Category Archives: nanotech

New force-fluorescence device measures motion previously undetectable

A hybrid device combining force and fluorescence developed by researchers at the University of Illinois has made possible the accurate detection of nanometer-scale motion of biomolecules caused by pico-newton forces.

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Tumors gobble up nanoparticles

A nanoparticle drug delivery system designed for brain tumor therapy has shown promising tumor cell selectivity in a novel cell culture model devised by University of Nottingham scientists. 

The nanoparticles used in this study were prepared from a novel biodegradable polymer poly(glycerol adipate). The polymer has been further modified to enhance incorporation of drugs and make the nanoparticles more effective.

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Silicon nanoparticles enhance performance of solar cells

Placing a film of silicon nanoparticles onto a silicon solar cell can boost power, reduce heat and prolong the cell’s life, researchers now report.

“Integrating a high-quality film of silicon nanoparticles 1 nanometer in size directly onto silicon solar cells improves power performance by 60 percent in the ultraviolet range of the spectrum,” said Munir Nayfeh, a physicist at the University of Illinois and corresponding author of a paper accepted for publication in Applied Physics Letters.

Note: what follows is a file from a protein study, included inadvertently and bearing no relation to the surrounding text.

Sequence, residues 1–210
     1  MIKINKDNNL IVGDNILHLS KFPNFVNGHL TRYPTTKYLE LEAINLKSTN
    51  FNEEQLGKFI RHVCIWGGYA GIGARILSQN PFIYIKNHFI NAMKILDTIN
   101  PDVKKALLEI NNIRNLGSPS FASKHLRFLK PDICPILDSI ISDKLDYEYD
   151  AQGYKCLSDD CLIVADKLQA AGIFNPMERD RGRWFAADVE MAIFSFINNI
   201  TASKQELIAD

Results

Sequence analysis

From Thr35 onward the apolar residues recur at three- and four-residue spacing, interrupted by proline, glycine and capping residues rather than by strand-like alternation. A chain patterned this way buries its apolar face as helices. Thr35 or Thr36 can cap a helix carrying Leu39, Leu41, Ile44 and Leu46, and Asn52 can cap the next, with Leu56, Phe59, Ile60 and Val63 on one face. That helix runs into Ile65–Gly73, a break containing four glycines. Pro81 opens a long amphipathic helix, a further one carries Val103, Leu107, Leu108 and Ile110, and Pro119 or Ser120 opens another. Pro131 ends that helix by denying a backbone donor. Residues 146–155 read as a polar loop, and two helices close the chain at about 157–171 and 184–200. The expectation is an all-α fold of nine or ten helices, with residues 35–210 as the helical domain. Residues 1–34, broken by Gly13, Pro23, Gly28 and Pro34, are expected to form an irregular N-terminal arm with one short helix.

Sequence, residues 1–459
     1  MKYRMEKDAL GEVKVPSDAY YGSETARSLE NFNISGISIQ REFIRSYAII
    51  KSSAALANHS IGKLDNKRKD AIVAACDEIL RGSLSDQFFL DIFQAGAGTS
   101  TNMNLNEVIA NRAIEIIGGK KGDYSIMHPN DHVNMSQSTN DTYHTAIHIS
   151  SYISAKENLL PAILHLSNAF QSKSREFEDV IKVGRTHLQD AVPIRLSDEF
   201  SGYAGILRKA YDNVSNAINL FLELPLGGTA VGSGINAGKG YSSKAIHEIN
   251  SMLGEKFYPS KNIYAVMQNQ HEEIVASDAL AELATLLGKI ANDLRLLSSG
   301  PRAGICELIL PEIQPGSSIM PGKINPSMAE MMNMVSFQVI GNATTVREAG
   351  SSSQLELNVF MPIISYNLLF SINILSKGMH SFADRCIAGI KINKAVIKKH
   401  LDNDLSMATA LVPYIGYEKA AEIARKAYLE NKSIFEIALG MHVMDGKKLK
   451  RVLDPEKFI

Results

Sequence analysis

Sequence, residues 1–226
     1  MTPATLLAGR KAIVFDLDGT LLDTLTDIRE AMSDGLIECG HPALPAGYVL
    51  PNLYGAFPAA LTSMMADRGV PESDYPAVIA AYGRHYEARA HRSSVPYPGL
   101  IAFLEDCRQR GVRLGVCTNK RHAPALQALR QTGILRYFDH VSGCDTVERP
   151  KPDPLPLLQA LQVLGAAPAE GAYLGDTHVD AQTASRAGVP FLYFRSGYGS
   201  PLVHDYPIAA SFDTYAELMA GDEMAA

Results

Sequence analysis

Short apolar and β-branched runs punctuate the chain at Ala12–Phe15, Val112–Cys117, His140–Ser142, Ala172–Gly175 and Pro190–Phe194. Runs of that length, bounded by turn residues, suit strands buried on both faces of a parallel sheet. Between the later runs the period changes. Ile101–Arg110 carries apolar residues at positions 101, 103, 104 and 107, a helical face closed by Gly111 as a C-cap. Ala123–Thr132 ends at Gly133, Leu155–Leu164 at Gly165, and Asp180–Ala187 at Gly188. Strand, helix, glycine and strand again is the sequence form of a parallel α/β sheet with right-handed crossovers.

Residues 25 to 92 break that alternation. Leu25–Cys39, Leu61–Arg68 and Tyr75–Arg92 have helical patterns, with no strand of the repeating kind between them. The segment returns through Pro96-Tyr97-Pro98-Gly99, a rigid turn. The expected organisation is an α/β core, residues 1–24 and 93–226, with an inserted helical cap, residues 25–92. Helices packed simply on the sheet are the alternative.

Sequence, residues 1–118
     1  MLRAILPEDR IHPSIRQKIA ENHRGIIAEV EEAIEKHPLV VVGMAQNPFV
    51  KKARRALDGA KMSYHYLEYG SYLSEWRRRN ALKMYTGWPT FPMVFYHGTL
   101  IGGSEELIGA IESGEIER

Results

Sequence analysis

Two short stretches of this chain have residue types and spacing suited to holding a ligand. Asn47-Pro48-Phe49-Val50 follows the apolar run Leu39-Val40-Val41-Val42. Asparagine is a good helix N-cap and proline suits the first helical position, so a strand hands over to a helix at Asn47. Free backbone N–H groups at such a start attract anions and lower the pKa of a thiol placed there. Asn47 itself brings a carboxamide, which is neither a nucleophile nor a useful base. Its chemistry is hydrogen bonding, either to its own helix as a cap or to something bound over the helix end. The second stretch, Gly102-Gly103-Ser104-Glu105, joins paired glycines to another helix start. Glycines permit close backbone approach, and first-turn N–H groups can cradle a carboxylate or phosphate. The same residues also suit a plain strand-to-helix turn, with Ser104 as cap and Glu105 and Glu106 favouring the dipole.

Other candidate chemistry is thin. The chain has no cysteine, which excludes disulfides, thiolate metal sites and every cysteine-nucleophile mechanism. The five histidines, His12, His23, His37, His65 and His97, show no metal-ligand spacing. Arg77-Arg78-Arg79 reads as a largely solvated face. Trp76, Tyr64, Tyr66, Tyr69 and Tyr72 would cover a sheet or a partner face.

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Beyond batteries: Storing power in a sheet of paper

Researchers at Rensselaer Polytechnic Institute have developed a new energy storage device that easily could be mistaken for a simple sheet of black paper.

The nanoengineered battery is lightweight, ultra thin, completely flexible, and geared toward meeting the trickiest design and energy requirements of tomorrow’s gadgets, implantable medical equipment, and transportation vehicles.

 

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Anthrax vaccine produces immunity with nanoparticles, not needles

A vaccine against anthrax that is more effective and easier to administer than the present vaccine has proved highly effective in tests in mice and guinea pigs, report University of Michigan Medical School scientists in the August issue of Infection and Immunity.

The scientists were able to trigger a strong immune response by treating the inside of the animals’ noses with a “nanoemulsion” – a suspension of water, soybean oil, alcohol and surfactant emulsified to create droplets of only 200 to 300 nanometers in size. It would take about 265 of the droplets lined up side by side to equal the width of a human hair.

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Nanoscale blasting adjusts resistance in magnetic sensors

A new process for adjusting the resistance of semiconductor devices by carpeting a small area of the device with tiny pits, like a yard dug up by demented terriers, may be the key to a new class of magnetic sensors, enabling new, ultra-dense data storage devices. The technique demonstrated by researchers at the National Institute of Standards and Technology (NIST)* allows engineers to tailor the electrical resistance of individual layers in a device without changing any other part of the processing or design.

 

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Researchers develop method for mass production of nanogap electrodes

Researchers at the University of Pennsylvania have developed a reliable, reproducible method for parallel fabrication of multiple nanogap electrodes, a development crucial to the creation of mass-produced nanoscale electronics.

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